Thursday, December 31, 2009

Review: Blackest Night #6


Blackest Night #6 (of 8)

Writer: Geoff Johns
Penciller: Ivan Reis
Inkers: Oclair Albert & Joe Prado
DC
Released: December 30, 2009





I have a strong feeling that when all of this is dead and buried, finding a cheap apartment or home in Coast City is going to be quite the easy task. After suffering the brunt of the ravages of the Sinestro Corps War, and now being the absolute epicenter for the ultimate zombie takeover of Earth, I can't imagine that anyone would ever feel safe in Coast City again. Oh, and did everyone remember that the entire city at one time had been completely annihilated by a monstrous and indestructible cyborg? Gotham City is a paradise by comparison.

Perhaps I'm missing the point to focus on something such as housing futures in the midst of total Earth decimation, but I don't think so. The sky crackles with the war of multi-colored light, shafts and beams of red, green, purple, and blue shear through the darkness, cutting through the slimy muck of the flying undead, sending the ghastly entrails spilling out onto the streets of what was once a coastal paradise. How can all of this possibly end well, even if it ends in heroic success? Even if the assorted Lantern Corps band together towards ultimate victory over the villainy of complete darkness, how can anything ever be sunshine again? How can a city survive such as this?

From it's first issue on, Blackest Night has been absolute comic book excess; the opening panels showing The Black Hand lasciviously licking the exhumed skull of Bruce Wayne; the undead Aquaman using his telepathic powers to summon a bloody shark attack; an endless succession of sharply-clawed hands held aloft with a still-beating human heart, freshly ripped from out a poor innocent by-stander, clenched in their grasps; this is a book drenched in the wet stuff of eviscerated life. It's excessive in the way comics can be excessive, in bold vivid colors, in a safe, neat, saddle-stapled package. Nestled in its bag-and-board, laying across the desk, an issue of Blackest Night looks so harmless, so innocent, like a thin perfect rectangle of inky joy. Then, inside, each page reeks with gore, violence, tears, the cries of pain, the throes of death, and the mayhem of unbridled chaos, all above the streets of the "city without fear". It's epic in it's excess, a throwback to horror comics of the 1950's and 60's. The only thing missing, really, are the covers featuring headless women and bloody ax-blades.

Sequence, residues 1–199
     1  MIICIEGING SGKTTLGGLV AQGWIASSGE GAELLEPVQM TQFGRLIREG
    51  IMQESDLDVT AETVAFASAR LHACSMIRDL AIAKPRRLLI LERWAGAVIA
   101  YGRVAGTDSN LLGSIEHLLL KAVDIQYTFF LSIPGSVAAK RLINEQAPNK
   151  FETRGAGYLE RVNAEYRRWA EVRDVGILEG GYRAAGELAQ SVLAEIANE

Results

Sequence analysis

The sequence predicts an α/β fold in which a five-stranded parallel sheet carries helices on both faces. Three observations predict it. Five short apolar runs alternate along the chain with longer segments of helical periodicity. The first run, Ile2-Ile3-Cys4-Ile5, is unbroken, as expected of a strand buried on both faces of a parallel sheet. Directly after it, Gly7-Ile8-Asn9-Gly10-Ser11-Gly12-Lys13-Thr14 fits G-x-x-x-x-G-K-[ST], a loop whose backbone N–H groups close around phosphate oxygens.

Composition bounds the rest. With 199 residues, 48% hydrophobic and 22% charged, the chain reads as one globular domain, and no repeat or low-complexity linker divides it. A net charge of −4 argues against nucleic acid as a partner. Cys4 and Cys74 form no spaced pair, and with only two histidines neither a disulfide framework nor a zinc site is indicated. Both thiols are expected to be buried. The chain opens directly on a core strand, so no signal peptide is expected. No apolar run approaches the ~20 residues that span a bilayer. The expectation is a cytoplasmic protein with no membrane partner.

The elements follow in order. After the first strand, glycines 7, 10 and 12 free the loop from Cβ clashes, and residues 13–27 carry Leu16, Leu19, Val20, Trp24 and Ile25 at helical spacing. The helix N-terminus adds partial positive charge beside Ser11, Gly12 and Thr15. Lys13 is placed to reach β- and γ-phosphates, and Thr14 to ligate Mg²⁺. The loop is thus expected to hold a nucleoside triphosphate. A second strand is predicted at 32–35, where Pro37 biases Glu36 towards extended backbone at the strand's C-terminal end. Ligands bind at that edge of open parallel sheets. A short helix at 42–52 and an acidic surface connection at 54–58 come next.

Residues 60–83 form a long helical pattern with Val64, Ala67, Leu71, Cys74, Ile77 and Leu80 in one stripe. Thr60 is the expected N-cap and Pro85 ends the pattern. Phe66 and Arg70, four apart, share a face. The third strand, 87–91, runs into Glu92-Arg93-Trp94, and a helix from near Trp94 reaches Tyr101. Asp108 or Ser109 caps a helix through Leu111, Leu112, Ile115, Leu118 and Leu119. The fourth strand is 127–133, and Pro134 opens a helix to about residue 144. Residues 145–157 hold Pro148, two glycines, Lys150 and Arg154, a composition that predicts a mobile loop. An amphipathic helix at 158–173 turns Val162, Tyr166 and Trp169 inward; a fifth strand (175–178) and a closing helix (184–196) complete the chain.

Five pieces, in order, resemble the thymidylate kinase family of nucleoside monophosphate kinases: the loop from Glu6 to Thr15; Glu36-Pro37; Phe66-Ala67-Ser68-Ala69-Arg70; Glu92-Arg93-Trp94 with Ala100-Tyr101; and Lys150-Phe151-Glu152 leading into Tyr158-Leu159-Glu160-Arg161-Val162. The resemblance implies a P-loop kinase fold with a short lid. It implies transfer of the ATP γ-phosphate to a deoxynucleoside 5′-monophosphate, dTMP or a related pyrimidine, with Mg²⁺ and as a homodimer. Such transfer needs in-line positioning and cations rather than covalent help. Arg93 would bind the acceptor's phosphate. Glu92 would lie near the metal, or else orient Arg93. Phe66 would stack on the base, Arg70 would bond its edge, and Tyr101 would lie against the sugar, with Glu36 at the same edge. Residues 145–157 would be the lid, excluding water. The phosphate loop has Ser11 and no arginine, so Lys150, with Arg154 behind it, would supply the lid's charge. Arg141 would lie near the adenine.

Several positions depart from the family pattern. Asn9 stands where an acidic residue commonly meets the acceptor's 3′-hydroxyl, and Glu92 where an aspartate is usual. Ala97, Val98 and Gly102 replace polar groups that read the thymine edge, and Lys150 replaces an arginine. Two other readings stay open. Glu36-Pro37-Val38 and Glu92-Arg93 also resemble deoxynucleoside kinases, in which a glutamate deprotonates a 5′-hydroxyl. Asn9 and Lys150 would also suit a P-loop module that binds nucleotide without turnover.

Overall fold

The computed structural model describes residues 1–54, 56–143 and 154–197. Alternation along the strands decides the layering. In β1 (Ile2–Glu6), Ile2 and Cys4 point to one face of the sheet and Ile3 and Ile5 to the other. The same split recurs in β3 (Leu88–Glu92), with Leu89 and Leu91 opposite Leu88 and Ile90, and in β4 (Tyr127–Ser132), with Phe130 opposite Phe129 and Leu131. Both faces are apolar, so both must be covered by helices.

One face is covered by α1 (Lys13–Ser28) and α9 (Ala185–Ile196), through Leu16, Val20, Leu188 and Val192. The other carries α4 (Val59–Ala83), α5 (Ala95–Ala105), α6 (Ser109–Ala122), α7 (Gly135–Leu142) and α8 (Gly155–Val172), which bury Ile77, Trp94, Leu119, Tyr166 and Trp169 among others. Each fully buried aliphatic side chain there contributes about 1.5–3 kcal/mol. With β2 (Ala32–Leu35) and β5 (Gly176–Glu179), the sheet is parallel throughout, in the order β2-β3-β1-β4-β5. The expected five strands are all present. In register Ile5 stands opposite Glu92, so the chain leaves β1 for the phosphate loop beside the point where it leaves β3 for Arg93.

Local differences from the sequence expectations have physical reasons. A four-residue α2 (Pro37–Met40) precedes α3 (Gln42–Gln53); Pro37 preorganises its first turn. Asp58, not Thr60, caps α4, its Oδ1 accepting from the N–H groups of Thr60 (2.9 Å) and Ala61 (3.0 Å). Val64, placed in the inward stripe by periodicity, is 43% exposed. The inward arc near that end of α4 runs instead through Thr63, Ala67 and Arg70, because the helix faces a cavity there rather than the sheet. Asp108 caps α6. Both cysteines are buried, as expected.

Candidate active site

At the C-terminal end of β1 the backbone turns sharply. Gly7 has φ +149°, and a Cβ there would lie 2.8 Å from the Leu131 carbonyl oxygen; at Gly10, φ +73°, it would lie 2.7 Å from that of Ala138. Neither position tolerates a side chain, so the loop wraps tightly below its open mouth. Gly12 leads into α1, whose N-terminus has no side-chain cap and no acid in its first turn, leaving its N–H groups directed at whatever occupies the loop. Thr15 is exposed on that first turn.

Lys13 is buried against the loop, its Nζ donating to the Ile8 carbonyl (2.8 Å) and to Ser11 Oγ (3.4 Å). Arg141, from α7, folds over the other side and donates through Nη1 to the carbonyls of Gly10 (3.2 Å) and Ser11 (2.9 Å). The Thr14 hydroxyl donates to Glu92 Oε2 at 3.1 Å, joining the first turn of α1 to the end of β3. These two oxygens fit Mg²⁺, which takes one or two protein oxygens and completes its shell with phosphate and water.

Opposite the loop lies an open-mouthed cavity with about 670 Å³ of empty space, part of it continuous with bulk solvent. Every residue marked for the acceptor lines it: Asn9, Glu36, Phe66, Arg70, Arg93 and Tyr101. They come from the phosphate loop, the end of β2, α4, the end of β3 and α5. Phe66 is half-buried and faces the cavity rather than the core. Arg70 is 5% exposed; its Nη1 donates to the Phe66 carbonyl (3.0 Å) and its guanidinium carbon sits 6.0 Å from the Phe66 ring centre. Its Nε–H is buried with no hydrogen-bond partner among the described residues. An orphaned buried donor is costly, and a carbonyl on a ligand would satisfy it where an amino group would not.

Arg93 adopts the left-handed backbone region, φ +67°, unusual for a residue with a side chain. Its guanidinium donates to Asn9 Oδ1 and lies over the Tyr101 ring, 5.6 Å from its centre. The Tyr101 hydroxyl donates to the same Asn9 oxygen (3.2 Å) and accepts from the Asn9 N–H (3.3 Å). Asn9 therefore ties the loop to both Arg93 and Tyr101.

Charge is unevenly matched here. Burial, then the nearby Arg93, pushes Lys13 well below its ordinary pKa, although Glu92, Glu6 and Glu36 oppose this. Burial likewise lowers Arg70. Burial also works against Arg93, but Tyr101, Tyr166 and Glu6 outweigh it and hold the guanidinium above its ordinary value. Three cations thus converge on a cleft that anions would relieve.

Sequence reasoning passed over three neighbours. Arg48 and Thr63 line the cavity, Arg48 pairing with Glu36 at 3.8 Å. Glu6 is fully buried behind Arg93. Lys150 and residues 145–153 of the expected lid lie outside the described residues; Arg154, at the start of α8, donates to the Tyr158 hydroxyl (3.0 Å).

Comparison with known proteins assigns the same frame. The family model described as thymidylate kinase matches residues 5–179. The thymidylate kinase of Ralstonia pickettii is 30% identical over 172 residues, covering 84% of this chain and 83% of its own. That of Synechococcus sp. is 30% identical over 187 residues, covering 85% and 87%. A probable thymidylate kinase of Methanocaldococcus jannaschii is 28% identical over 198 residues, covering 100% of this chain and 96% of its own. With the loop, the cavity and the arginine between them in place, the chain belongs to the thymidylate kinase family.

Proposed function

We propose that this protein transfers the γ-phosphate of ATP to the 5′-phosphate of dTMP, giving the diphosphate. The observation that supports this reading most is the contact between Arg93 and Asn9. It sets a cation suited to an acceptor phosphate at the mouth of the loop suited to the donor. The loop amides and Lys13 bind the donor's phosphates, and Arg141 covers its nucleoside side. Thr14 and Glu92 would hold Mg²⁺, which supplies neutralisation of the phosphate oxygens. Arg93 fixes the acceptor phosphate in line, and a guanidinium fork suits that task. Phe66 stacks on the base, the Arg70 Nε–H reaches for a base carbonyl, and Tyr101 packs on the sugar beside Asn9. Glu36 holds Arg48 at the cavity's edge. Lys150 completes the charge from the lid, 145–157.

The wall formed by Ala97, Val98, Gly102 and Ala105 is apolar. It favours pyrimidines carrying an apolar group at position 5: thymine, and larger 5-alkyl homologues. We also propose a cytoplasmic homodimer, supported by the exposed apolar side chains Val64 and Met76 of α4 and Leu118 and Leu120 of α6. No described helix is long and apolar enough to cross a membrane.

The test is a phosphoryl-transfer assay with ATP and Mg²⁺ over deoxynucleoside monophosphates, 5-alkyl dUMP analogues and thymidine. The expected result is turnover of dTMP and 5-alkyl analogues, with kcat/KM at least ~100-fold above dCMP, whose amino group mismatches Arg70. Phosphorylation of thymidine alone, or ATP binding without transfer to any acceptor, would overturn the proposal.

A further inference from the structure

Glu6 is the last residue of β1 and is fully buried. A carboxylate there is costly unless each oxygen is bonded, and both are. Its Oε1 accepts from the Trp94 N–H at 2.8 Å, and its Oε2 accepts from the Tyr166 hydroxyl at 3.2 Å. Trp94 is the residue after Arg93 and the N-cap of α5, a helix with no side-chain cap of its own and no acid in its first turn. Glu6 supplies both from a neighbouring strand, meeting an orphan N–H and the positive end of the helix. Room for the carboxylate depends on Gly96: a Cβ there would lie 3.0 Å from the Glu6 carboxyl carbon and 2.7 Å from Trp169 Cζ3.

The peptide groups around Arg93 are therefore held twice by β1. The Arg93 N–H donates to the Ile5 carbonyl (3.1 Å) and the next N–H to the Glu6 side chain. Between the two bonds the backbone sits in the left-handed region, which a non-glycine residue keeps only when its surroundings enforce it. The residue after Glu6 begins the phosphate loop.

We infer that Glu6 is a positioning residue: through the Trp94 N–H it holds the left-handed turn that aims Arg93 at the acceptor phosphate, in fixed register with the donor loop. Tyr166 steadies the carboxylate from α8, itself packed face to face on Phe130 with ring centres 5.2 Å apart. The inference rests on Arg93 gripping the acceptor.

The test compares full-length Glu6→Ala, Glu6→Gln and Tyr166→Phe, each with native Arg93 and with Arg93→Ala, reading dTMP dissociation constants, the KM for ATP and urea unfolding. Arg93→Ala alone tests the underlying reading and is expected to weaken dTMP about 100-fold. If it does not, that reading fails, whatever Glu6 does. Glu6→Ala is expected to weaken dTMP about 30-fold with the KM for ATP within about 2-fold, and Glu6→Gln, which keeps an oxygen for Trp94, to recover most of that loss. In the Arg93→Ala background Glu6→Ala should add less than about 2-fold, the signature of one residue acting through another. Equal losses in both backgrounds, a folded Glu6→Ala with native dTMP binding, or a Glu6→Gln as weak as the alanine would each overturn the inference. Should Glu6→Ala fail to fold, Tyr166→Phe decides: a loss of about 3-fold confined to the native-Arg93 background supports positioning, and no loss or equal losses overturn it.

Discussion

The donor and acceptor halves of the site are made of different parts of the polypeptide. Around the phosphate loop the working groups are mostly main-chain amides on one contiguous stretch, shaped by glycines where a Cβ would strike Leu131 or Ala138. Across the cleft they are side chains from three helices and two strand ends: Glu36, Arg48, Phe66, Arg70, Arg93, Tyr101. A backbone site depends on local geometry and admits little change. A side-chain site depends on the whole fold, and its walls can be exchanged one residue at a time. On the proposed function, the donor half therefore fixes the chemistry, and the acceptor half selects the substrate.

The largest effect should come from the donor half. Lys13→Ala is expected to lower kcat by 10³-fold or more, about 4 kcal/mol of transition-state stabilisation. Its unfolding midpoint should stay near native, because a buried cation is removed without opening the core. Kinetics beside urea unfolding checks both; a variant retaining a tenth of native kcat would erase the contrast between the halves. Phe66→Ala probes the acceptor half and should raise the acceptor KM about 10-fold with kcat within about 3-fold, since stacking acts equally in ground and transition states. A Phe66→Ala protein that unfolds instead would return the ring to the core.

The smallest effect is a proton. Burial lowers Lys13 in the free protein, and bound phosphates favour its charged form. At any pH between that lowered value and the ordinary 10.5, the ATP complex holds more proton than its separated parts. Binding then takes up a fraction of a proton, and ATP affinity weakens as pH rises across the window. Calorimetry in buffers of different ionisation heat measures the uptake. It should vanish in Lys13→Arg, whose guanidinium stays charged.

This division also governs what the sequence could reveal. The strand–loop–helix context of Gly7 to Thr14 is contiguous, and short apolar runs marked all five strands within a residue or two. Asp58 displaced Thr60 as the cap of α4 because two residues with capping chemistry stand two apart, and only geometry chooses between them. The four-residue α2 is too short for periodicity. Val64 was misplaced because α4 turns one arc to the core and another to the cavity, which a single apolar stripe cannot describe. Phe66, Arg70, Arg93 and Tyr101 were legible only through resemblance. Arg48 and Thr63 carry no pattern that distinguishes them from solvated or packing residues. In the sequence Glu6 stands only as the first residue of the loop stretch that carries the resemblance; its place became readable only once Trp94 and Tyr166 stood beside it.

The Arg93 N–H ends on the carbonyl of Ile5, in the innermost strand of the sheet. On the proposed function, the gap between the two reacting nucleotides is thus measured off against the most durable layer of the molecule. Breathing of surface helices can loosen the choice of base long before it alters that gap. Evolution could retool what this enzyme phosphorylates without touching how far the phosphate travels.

There is hope left for our heroes, and this issue provides one of the best moments of the whole series, as the duplicated rings of the various lantern corps seek out and find new recruits to "deputize" for the cause. We are treated to a vision of Blue Lantern Flash and Star Sapphire Wonder Woman, along with a Red Lantern Mera and Orange Lantern Lex Luthor. These are surprisingly powerful and joyful re-imaginings of these characters; iconic figures played with like toys, but with the built-in fail-safe of having these changes last only 24-hours, like Superhero-Cinderellas at a macabre fancy-dress ball. It's excess in the opposite extreme of all the gore; this is fantasy played out to it's most awe-shucks conclusion. I found myself unable to take my eyes off of the final double-page reveal of the new recruits. It's an utterly ridiculous moment, completely ludicrous, and yet so gleefully perfect and made even more so because of its ridiculousness.

For now, the task in front of these costumed heroes seems to be in stopping death itself; all-powerful, all-consuming death; the one thing that will take us all, the one thing that comes for everyone. Except, it doesn't. Superman has cheated death, as has Green Lantern Hal Jordan, and Barry Allen, and Wonder Woman, and Oliver Queen, and a seemingly endless list of A and B-list characters scattered throughout DCU continuity. For them, death was merely a temporary plot point on the road to re-boot. Even Bruce Wayne lives on, lost somewhere in time, scratching bat-symbols into cave walls. Just like Coast City, these men and women are completely destroyed, run through by the sword of editorial experimentation, or simply thrown away onto the fiery heap of couldn't-care-less. Then, their 24-hour purgatory ends, the clock strikes midnight, the carriages and horses return to pumpkins and mice, and providence shines from high above, from an office in Manhattan; lo and behold, they rise again. Superman lives! Green Lantern and Flash are "rebirthed"! Coast City is open for business! Call our agent for details on this amazing property!
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